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NASA’s Perseverance rover hasn’t started roaming the red planet just yet, but its cameras have been busy at work.

A suite of ruggedized, off-the-shelf sports cameras captured unprecedented footage of the rover descending to Mars and landing in Jezero Crater on Thursday. Then the rover’s science and navigation cameras began snapping away as soon as it was on the ground. The results are breathtaking.

So far, NASA has published more than 4,700 images from the rover, with many more to come.

“It’s been a firehose of data,” Justin Maki, a Perseverance imaging scientist and the chief of the instrument-operations team, said in a press conference on Monday.

The new photos reveal the sand dunes, rocks, and distant 200-foot-tall cliffs of the ancient lake bed where Perseverance now sits. It’s the most hazardous terrain any Mars landing has ever targeted, but it’s already paying off in unprecedented portraits of the red planet.

“I review images for Mars, like, every day. That’s what I do. And when I saw these images come down, I have to say, I was truly amazed,” Maki said. “I know it’s been a tough year for everybody, and we’re hoping that maybe these images will help brighten people’s day.”

SEE ALSO: For the first time, we have an audio recording from the surface of Mars — take a listen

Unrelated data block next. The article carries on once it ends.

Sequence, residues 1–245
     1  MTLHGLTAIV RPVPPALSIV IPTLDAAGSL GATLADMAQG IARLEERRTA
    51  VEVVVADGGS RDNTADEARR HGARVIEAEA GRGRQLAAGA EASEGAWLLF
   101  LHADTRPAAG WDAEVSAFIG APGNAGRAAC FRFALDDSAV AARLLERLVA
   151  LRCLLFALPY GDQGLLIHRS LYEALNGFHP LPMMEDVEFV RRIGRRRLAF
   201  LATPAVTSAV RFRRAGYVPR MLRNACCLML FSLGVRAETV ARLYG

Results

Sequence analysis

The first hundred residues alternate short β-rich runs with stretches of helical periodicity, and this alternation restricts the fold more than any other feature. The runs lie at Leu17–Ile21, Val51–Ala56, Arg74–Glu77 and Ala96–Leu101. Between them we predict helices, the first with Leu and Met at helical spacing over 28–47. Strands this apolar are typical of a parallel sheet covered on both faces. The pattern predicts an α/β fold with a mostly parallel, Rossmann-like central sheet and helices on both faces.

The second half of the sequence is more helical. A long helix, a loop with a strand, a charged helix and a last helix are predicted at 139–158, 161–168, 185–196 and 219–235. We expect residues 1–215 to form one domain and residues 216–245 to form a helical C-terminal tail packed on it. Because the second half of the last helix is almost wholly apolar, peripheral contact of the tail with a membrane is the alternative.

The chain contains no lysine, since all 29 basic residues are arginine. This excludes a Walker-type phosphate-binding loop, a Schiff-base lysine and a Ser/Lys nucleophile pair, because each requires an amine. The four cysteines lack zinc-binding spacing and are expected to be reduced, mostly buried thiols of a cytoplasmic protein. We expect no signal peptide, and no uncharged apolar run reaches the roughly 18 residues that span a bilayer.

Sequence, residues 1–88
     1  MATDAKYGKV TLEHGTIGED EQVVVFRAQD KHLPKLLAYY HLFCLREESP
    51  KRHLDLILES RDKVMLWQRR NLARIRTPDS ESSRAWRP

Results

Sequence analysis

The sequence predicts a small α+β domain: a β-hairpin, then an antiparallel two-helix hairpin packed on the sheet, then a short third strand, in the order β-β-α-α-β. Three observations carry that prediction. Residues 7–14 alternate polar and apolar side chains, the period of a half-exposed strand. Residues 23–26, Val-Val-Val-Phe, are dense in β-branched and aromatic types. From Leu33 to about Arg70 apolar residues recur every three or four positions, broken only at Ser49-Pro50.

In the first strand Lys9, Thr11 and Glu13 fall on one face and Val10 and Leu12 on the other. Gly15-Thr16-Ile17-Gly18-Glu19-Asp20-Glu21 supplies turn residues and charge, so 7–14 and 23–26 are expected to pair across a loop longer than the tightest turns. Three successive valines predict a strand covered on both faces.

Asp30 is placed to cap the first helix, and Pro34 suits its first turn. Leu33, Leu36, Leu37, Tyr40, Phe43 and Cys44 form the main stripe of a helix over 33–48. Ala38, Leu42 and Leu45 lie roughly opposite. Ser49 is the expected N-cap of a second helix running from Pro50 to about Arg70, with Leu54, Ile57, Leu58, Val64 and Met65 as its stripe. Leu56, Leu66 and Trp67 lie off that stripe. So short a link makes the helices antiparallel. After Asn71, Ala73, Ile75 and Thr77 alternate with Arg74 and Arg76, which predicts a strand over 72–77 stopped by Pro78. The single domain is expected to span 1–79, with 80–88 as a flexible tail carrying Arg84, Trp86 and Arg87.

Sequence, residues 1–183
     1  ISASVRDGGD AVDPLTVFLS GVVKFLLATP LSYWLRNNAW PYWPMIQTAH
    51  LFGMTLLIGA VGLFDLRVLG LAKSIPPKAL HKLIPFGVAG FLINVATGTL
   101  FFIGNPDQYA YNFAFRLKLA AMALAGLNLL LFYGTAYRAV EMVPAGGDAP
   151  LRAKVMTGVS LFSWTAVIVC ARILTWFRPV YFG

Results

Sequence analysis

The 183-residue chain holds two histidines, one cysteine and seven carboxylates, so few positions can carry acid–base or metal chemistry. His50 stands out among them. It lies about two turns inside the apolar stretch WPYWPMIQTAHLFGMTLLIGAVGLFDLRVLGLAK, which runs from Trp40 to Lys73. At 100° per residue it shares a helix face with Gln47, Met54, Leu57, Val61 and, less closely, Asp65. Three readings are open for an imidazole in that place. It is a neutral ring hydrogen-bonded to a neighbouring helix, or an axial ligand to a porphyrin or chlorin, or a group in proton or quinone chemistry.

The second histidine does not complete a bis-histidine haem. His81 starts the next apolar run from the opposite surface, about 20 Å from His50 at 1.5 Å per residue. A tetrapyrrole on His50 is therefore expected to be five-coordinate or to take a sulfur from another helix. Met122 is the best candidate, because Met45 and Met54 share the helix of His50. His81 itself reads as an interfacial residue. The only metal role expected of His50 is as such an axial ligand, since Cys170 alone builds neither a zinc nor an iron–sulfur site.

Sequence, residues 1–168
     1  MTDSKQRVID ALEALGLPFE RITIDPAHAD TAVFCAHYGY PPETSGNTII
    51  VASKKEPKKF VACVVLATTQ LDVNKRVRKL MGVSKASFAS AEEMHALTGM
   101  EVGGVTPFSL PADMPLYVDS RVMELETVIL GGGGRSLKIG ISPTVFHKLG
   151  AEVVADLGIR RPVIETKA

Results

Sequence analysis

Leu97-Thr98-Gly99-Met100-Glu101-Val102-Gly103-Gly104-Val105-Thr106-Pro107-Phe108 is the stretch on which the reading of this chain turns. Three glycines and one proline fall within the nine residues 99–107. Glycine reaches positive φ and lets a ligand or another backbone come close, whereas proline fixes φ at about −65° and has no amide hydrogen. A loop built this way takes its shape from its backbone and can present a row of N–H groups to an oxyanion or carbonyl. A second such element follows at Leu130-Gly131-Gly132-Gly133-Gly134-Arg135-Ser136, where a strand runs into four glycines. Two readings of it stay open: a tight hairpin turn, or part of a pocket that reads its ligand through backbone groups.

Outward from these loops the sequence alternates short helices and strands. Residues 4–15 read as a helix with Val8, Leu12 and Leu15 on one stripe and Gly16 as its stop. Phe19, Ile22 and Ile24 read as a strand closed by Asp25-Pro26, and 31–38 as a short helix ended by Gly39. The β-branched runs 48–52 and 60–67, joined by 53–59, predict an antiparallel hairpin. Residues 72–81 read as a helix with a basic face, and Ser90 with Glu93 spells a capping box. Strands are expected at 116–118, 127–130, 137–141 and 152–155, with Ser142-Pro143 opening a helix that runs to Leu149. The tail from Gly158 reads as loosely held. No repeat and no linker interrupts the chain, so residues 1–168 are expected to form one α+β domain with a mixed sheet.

DON’T MISS: NASA’s Mars rover landed in the perfect place to hunt for alien fossils: an ancient lake bed called Jezero Crater

After landing on Thursday, NASA’s Perseverance rover immediately started beaming back thousands of photos of the red planet.

These include the first-ever images of a rover landing on Mars. Five cameras captured more than 23,000 images during Perseverance’s descent.

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NASA has also released a three-minute video of the rover’s descent and landing. Watch it and read more here.

The cameras started recording as the capsule carrying the rover deployed a 70-foot-wide parachute to slow its fall through the Martian atmosphere.

Hidden in the parachute’s pattern is binary computer code spelling out the message “Dare mighty things.”

When the bottom panel of the capsule fell away, that exposed a camera on the bottom of the rover, which captured Jezero Crater below.

In this ancient lake bed, Perseverance is set to hunt for signs of ancient alien microbes that could be fossilized there, especially along the river delta that once filled the crater with water.

about Jezero Crater and its potential for alien life here.

All these images had to be color corrected. Here’s what they looked like before that.

During the landing, the capsule dropped the rover, and then a jetpack attached to Perseverance’s back fired its engines and flew to the landing site. There, it lowered the rover on 25-foot nylon cables.

As it approached, the jetpack’s engines kicked up swirling clouds of dust on the Martian surface.

Then the jetpack released the rover and flew away to crash-land at a safe distance.

Before the dust settled, the rover was already beaming back …read more

Source:: Business Insider

      

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